Prime Minister Recep Tayyip Erdogan’s speech yesterday (June 26) clearly stated that Syria, which was considered a “strategic partner” just two years ago, is now a threat to Turkey’s security. Ankara’s new perception of its southern neighbor as a threat is an important development, not only for relations between the two countries but also for regional strategy.
This change was brought about by the Turkish military aircraft that was shot down by Syria last Friday, June 22. Unfortunately this incident has brought Turkish-Syrian relations to the point of irreparable damage, especially if the Assad regime continues to rule Syria. If tensions can be controlled and new frictions can be avoided, that is fine. Otherwise, there is a very high probability of future clashes.
The most crucial part in Erdogan’s speech was his reference to Ankara’s new perception of a threat from Syria. Accordingly, Turkey will target any military element that approaches its border and will not hesitate to use its right to intervene. “When, where and how” it does this will be decided by Turkey itself.
The prime minister did not go into detail about the plan that was drawn up as a response to the downed Turkish plane. He did not elaborate what actions are planned beyond diplomatic means, leaving his options open.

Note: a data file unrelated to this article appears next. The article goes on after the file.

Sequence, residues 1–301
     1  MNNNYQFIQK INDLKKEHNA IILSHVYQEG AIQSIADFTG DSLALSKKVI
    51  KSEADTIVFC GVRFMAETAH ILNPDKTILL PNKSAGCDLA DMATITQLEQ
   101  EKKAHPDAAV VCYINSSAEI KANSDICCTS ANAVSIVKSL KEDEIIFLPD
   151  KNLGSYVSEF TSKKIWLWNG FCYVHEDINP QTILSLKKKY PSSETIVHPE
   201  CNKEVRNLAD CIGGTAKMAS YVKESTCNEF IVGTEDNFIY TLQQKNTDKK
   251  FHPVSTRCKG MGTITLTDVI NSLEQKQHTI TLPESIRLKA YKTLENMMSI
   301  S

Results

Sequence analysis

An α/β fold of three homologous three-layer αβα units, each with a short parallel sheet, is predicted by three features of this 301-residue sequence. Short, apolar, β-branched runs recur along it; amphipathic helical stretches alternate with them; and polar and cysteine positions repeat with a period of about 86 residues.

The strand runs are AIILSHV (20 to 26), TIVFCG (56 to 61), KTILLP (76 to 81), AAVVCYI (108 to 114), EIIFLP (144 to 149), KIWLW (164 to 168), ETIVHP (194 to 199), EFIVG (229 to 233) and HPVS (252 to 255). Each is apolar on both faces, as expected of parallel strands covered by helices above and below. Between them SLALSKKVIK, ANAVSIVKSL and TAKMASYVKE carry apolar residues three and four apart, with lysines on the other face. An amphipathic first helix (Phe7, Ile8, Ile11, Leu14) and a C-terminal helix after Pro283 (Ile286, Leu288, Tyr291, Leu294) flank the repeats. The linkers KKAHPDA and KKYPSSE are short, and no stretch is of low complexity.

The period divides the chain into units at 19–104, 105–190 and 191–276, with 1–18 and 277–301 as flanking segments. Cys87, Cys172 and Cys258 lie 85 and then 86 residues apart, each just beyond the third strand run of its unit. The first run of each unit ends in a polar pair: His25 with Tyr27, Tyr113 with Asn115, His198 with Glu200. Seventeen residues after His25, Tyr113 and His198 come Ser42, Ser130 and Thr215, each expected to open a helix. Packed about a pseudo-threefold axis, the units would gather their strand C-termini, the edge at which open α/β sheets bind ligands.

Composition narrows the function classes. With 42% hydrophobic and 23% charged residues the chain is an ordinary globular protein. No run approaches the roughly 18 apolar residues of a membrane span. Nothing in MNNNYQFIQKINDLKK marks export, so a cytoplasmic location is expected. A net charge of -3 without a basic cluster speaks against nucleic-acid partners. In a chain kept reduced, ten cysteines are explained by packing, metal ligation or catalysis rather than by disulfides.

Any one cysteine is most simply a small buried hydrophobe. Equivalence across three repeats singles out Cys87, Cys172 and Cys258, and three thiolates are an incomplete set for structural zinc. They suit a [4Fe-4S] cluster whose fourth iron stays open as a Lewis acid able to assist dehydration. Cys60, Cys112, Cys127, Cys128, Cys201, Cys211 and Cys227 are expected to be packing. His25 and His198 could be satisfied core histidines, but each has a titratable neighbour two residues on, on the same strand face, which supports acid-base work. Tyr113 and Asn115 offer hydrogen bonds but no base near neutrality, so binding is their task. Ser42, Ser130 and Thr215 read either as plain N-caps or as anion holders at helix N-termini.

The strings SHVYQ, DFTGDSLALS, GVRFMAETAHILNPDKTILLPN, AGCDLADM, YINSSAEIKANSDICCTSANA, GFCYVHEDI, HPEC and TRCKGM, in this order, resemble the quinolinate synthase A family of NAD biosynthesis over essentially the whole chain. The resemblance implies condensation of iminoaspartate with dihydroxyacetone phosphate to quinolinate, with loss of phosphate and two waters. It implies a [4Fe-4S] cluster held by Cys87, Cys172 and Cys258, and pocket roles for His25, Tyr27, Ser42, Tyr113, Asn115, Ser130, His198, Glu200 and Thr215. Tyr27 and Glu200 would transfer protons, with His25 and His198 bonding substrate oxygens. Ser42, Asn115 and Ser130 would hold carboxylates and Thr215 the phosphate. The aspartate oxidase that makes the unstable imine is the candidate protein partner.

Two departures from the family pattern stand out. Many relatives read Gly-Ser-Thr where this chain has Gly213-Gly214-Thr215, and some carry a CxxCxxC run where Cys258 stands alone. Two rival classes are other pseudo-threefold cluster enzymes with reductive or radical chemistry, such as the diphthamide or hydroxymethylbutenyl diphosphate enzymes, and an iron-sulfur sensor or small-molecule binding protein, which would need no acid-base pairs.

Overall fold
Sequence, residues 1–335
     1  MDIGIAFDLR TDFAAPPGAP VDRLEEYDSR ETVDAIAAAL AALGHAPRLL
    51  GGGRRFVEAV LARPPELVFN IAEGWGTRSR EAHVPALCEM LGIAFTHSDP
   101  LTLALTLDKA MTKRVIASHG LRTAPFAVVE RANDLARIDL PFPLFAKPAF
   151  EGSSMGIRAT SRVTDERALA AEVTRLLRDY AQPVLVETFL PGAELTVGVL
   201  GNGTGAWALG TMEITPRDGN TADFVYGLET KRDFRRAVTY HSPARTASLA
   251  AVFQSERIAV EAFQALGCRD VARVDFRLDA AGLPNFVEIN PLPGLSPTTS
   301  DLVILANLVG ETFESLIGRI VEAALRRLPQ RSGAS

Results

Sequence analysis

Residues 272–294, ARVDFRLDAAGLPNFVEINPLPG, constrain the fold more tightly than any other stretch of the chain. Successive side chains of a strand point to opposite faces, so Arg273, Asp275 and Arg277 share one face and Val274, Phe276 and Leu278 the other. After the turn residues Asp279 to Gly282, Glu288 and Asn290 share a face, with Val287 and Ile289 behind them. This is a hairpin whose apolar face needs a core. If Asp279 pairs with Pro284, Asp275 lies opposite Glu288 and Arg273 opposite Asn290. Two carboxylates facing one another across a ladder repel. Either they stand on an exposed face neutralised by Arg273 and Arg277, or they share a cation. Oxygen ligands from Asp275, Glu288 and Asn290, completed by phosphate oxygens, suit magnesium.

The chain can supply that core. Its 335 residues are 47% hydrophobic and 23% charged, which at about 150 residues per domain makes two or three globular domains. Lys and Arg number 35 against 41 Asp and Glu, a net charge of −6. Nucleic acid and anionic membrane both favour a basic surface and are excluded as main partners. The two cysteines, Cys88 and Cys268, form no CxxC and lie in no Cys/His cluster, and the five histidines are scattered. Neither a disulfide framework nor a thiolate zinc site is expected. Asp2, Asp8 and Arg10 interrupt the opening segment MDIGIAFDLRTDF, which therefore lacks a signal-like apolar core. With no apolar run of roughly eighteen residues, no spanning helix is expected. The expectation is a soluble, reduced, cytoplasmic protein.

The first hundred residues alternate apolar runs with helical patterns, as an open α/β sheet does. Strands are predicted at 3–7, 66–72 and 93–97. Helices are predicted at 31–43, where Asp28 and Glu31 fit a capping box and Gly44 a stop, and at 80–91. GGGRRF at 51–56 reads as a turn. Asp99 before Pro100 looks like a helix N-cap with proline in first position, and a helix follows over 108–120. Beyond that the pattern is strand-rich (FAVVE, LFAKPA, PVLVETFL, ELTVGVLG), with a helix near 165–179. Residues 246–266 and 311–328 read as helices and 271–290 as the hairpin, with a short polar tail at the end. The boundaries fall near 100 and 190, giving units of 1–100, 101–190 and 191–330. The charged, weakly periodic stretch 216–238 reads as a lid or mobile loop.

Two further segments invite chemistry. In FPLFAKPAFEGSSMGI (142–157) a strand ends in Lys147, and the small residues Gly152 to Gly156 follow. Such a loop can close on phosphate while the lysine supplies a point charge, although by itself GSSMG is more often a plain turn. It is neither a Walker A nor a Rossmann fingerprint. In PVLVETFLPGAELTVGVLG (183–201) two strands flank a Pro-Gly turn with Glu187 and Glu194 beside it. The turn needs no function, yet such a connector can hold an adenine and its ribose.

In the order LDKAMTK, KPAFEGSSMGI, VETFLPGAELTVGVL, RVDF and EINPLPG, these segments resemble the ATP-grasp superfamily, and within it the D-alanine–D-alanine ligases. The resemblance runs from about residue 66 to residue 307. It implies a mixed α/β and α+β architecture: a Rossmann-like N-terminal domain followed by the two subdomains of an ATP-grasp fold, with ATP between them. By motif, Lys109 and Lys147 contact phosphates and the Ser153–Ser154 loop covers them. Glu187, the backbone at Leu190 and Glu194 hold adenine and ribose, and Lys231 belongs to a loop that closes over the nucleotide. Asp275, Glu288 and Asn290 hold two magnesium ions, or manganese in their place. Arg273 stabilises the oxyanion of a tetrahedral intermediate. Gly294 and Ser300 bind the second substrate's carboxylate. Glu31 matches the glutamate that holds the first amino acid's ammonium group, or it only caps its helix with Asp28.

Prime Minister Erdogan reserved the strongest language in his speech for Bashar al-Assad and his father. However, he emphasized Turkey’s determination to support the Syrian people, the opposition and the resistance. When the prime minister was detailing the futility of his efforts to guide Assad onto the right course, one got the feeling that in the background of Ankara’s new attitude to the Damascus regime, he was deeply disappointed and angered over being personally misled.
While the prime minister was making his speech, which was carefully followed by the world, NATO’s permanent representatives were discussing the same issues in Brussels. The meeting, which was held at Turkey’s request, produced the expected result: 27 other NATO members adopted Turkey’s views on the issue, approved its findings and expressed solidarity with the country while denouncing Syria.
The communiqué that NATO issued — as well as NATO Secretary General Anders Fogh Rasmussen’s remarks — were a warning directed at Russia as much as Syria.
The question now is, how much will Assad be affected by Erdogan’s words and NATO’s position?
If we assume that the Turkish plane was shot down intentionally, we can also assume that the tyrant of Damascus must have calculated the possible consequences of such an action. It is distinctly possible that Assad might have wanted to warn Turkey, which has been actively opposing him while cooperating with the Syrian opposition. Because of his confidence in Russia, he might have thought that no one — neither NATO nor the UN — would dare to take any action against him.
From that perspective, NATO statements or denunciations by world leaders might not have disturbed him all that much. However, don’t forget that the pressure on Assad is increasing, both inside and outside Syria. He must certainly be worried about the growing number of defections from his army and the escalating scale of the resistance.
Assad also faces Turkey, which now perceives his regime as a threat. Although international organizations might not go beyond denunciations and warnings at this point and Assad might not take them seriously, Turkey is ready to activate its plan of action. Will Assad take the prime minister’s warnings to heart?